Saturday, 27 August 2011

I decided to officially archive this blog on the day my DPhil was confirmed. But I have waited for the electronic publication of my thesis, Interrogating Archaeological Ethics in Conflict Zones: Cultural Heritage Work in Cyprus, to announce the archiving. From now on, I will blog at Conflict Antiquities.

Tuesday, 22 December 2009

Xanagale: warred village, resettled

[Thanks to Dave S's comment on the Evretou photo blog, I will try to give each site photo blog a proper introduction; until then, I'll cross-post the introductory posts from Cultural Heritage in Conflict (or samarkeolog).]

As I recorded in my fieldwork notes about Xanagale (also known as Cepür, Cupar and Xanegela),
[it] was evacuated and destroyed in 1993 or 1994, then later rebuilt and resettled. I understand that the village was 'destroyed, with machine, with fire, with all kinds of things', (something like, 'götürdü, makinesiyle, ateşli, her çeşitli şeyi').
I have a new personal page presenting photographs with mainly descriptive notes about them for the resettled warred village, Xanagale: cultural heritage and community.

I'm still toying with the colour suites I'm putting together to help distinguish between my personal and research pages, so (over and above the photographs themselves), it may be less than easy on the eye for a while.

[This was originally posted on samarkeolog on 11th June 2007.]

Monday, 11 June 2007

Xanagale buildings 21c: I can’t remember exactly what this was, if indeed I knew in the first place, but it resembles a fireplace or hearth, with the front wall of its chimney fallen away.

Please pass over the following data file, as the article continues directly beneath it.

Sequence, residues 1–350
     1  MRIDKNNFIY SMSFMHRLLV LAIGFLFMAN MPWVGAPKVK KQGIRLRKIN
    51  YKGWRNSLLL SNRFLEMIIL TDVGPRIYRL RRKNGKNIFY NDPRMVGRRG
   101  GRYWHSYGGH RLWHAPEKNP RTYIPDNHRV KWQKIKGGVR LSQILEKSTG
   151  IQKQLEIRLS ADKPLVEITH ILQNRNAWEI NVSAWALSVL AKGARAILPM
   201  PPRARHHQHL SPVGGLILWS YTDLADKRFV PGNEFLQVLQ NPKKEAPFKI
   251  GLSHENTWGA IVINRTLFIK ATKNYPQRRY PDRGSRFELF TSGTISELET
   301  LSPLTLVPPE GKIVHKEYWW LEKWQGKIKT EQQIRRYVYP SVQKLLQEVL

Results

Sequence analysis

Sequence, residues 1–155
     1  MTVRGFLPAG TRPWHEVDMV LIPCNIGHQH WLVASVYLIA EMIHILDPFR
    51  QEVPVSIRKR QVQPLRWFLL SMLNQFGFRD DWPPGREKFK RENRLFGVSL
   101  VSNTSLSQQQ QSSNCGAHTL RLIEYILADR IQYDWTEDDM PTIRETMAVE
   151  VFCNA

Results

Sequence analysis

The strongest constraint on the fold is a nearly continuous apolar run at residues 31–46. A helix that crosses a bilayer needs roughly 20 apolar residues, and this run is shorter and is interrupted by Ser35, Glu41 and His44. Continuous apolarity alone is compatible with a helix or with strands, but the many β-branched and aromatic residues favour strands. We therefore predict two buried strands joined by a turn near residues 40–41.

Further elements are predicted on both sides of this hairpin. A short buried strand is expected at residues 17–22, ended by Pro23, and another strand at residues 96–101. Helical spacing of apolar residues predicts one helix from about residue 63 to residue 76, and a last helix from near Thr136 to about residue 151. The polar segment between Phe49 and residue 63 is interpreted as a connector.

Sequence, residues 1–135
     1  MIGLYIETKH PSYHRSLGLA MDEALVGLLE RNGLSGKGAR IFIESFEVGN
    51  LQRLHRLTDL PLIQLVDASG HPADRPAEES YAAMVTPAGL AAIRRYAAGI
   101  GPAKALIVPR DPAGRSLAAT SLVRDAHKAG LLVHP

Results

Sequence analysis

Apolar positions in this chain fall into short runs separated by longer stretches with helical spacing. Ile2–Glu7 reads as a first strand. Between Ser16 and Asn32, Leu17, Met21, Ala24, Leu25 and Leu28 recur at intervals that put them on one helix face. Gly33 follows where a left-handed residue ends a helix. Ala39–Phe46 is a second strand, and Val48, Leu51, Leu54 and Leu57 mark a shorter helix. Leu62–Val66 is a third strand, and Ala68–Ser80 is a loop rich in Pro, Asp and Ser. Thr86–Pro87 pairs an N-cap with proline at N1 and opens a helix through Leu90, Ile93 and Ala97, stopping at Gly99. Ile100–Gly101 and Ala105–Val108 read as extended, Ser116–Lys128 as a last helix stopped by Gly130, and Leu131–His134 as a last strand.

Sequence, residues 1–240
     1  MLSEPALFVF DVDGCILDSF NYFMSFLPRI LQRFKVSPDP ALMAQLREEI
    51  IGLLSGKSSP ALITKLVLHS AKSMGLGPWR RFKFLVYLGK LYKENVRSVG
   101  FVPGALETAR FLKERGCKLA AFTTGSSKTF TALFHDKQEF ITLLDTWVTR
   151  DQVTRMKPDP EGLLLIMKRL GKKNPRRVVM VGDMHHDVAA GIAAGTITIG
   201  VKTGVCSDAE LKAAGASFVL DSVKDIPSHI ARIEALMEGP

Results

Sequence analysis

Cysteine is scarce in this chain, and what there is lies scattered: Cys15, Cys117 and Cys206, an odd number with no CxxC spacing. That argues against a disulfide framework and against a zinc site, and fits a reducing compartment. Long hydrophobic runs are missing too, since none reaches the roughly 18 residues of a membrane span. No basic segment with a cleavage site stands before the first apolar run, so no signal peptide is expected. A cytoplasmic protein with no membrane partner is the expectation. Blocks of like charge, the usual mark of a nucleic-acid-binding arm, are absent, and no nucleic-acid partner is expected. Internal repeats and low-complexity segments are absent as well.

Xanagale buildings 21b: this was a useful site to visit, as it gave a good idea of the ways buildings are damaged or destroyed by natural causes and the ways you might be able to tell; here, the scattered, fallen-in masonry does not appear to resemble the pushed-in, pulled-down or collapsed stone assemblages of deliberately destroyed sites.
Xanagale buildings 21a: as with the first castle, the fact that this was wrecked by earthquake, but is still standing, demonstrates the vitriol and violence of the Turkish military’s attack upon the village.
Xanagale building 19b: older and subjected to earthquake, but still in better condition that the homes of the evacuated Kurdish villagers, this corner of the castle is a testament to its builders’ skills, as well as to the determination of the Turkish army to destroy community. (This was the first of the two castles visited.)
Xanagale buildings 20: this photograph was taken to give an impression of the present character of the village’s landscape and, perhaps, an impression of what its older areas would have looked like had they been left standing.

Xanagale building 19a: the stone ruins in the middle (and middle distance) are those of a castle destroyed by earthquake. (This was the first of the two castles visited.)

Xanagale buildings 18: the wall of the home in the centre of the photograph has been partially ruined; more intriguing for me, however, was the slump of stones in front of it, which does not now resemble any kind of built structure and, so, cannot now intimate its destruction.
Xanagale buildings 17: the yard outside this new home is the only remaining material from the old home that used to stand here; if you hadn’t been told that it was the sole evidence of this act of domicide/urbicide, you wouldn’t know and couldn’t tell.
Xanagale buildings 16: the half-height walls are all that remain of both the building in the centre of the photograph and the building in the foreground, from which the photograph was taken; in the foreground, it’s just possible to see that interior soil banks are one or two courses short of the current tops of these walls.